In the sports of track and swimming, relay races are often the most exciting events of the meets. You know the concept: a team of usually four athletes races as they follow each other in succession, showcasing performance and precision. For a split moment, while handing a baton or projecting yourself toward the pool as your teammate touches the wall (while your toe remains on the block) both athletes are simultaneously performing. There’s a similar practice in farming called relay cropping.
Just as athletes do on the track or in the pool, relay crops follow each other during the growing season, albeit with a greater overlap. Here, a crop such as rye is planted in the fall and while it actively grows in the spring, a second crop, such as soybeans, is planted into the established rye. Once the rye ripens in the summer – and has risen well above the soybeans – it is harvested. The soybeans continue to grow and get harvested in the fall. Relay cropping has come into vogue with serious soil health advocates. Unlike double cropping – where the first crop is harvested before the second is planted – relay cropping affords the second crop a fuller growing season, and thus, greater yield potential. While soybean yields are slightly lower than those monocropped in early spring, the farmer receives the additional revenue from the rye. Plus, weeds are greatly suppressed by the rye, which can significantly reduce herbicide costs. No-till is typically preferred in these systems, as you conserve moisture by not turning the soil during the dry summer months. From a regen ag perspective, the system has it all: diversity from multiple crop species, continuous surface coverage above the soil surface and continuous biological activity below it. Our friend Mitchell Hora, who farms in Southeast Iowa, is conducting a Huma product trial within a rye/soybeans relay system. He applied Vitol/Breakout and Zap to strips this spring, separately and in combination, as well as check strips. It will be interesting to see how these products impact the yield of both crops.
A welcomed milestone for row crops is canopy closure. This is when the plant leaves from one row extends over and touches those in the row next to it. This closes the open area between the rows and forms a canopy over the exposed dirt. Why’s this a big deal? For starters, it reduces weed competition, as the canopy shades any weeds between the rows. For tall crops like corn, canopy closure usually signals the end of weed competition, especially if the field is clean to that point. Additionally, canopy closure maximizes sunlight. While farmers harvest crops at the end of the season, they harvest sunlight during the season. Thus, they want to see green across their entire field. The goal is to have crops reach canopy as soon as possible. As of Sunday morning (photos below), my corn began to canopy and the rows should be fully shaded early this week. It reached this point at break-neck speed – in just over five weeks. And that is in wide 38-inch rows. Most corn is grown in 30″ rows. We received much needed rain in the Mid-South over the weekend – after going two weeks without any precipitation – and more rain is expected this week.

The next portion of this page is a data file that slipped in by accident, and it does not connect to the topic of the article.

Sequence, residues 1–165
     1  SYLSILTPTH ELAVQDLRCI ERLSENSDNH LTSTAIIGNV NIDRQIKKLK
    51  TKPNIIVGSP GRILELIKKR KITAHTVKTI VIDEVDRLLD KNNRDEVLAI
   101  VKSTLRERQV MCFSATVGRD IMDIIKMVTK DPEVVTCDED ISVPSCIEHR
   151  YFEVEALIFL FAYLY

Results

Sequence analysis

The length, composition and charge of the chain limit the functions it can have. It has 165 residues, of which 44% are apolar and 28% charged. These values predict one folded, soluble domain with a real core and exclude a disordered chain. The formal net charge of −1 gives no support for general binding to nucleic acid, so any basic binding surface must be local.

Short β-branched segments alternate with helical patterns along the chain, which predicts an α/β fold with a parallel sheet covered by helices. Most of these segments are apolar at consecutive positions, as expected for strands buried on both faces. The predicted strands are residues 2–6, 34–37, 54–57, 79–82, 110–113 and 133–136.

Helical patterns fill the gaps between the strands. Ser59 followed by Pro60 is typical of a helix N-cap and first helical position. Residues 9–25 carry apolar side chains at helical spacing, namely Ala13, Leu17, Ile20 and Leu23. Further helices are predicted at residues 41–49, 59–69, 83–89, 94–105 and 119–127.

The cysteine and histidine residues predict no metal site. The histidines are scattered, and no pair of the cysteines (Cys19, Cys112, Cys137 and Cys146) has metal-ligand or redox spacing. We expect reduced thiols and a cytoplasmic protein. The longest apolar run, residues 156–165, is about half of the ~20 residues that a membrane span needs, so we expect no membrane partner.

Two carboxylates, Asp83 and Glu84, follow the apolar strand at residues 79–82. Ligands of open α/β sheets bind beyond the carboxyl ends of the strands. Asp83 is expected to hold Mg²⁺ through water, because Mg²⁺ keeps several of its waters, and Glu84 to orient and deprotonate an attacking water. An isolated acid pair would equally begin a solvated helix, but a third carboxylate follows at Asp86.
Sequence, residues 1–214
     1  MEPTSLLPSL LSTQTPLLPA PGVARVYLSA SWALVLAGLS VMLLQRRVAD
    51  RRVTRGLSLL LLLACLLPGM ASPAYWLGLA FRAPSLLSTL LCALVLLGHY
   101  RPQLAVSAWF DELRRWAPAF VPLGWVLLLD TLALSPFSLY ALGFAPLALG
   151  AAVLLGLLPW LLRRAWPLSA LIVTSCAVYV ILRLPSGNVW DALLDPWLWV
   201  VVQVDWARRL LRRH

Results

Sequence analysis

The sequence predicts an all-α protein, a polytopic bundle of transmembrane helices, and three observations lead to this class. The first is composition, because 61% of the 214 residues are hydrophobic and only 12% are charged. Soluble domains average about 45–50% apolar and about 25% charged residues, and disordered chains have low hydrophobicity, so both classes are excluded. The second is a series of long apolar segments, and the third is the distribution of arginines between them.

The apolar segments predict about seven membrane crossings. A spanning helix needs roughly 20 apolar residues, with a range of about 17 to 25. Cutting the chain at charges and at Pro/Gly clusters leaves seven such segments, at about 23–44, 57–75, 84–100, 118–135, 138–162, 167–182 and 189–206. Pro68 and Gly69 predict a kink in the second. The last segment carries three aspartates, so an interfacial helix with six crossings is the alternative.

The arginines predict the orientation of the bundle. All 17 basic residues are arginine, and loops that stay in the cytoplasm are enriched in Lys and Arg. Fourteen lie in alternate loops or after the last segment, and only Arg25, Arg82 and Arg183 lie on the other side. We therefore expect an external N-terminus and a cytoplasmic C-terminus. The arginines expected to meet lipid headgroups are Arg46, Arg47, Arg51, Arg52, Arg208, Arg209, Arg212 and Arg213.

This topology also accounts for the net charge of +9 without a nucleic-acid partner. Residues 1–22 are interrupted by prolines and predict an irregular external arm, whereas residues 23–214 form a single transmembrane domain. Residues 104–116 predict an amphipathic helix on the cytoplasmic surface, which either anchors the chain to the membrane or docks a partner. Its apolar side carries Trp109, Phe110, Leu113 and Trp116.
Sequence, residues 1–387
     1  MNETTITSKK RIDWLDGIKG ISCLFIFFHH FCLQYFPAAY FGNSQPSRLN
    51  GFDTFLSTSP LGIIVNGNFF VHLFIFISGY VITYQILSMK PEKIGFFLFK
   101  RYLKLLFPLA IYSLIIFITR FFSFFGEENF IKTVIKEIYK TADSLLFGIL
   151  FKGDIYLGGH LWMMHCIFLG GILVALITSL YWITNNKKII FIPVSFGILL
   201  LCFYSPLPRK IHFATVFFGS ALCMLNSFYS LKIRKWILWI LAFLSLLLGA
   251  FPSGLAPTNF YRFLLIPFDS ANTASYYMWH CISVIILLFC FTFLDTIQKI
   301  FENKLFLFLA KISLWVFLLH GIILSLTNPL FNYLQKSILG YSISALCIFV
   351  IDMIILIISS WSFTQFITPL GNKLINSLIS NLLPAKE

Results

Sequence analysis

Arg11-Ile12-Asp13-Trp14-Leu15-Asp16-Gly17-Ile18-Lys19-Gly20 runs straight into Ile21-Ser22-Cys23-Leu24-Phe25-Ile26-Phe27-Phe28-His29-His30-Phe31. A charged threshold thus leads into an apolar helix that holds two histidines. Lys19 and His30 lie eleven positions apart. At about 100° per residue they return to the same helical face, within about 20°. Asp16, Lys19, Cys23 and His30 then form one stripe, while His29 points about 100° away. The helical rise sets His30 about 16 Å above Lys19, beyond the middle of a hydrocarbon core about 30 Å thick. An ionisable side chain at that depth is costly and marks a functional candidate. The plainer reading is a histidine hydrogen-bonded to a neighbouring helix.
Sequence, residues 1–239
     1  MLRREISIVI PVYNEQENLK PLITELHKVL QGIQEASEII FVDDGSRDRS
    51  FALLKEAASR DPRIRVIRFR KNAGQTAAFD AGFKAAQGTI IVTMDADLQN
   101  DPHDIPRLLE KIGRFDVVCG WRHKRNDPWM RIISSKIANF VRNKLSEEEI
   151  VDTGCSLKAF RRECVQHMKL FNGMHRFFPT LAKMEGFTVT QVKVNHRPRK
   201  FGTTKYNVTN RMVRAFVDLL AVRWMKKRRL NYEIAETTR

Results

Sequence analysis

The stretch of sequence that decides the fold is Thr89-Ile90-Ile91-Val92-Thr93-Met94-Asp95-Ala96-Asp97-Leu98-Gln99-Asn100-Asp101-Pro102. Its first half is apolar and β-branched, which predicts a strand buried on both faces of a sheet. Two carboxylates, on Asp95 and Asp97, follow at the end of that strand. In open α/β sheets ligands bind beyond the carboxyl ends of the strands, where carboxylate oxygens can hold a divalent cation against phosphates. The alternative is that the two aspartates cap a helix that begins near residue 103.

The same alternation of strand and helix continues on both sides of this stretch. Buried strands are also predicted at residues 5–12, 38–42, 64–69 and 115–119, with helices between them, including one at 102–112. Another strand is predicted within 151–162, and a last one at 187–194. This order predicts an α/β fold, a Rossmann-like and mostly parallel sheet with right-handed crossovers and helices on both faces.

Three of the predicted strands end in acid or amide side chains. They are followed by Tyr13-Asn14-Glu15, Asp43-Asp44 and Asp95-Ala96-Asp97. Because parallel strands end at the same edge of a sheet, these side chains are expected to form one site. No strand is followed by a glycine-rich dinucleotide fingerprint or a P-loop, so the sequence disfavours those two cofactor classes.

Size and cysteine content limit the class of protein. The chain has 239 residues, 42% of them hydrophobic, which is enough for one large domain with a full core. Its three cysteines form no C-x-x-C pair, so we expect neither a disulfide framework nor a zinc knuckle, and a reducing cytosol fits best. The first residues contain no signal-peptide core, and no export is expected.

June is National Dairy Month. Dairy cows will produce over six gallons of milk per day and 350,000 glasses of milk over their lifetime. And they have huge appetites, consuming over 100 pounds of rations while drinking a bathtub full of water every day. These days most cows are milked 2-3 times per day in on-farm dairy parlors using machines, and the milk is never touched by human hands. And before you ask, yes, I have milked cows by hand and machine. As a kid, I often worked for a neighbor who had dairy cows and later performed the tasks in my college animal husbandry classes. Cows typically produce milk for about ten months, then go dry for about two months before delivering their next calf. The gestation period of a cow is very similar to humans. About 45 days after giving birth, the cows are bred again. Nowadays, about 2/3 of cows are artificially inseminated. There are about 30,000 dairy farms in America. The fastest growing dairy state is Texas, now ranking third in the USA behind California and Wisconsin.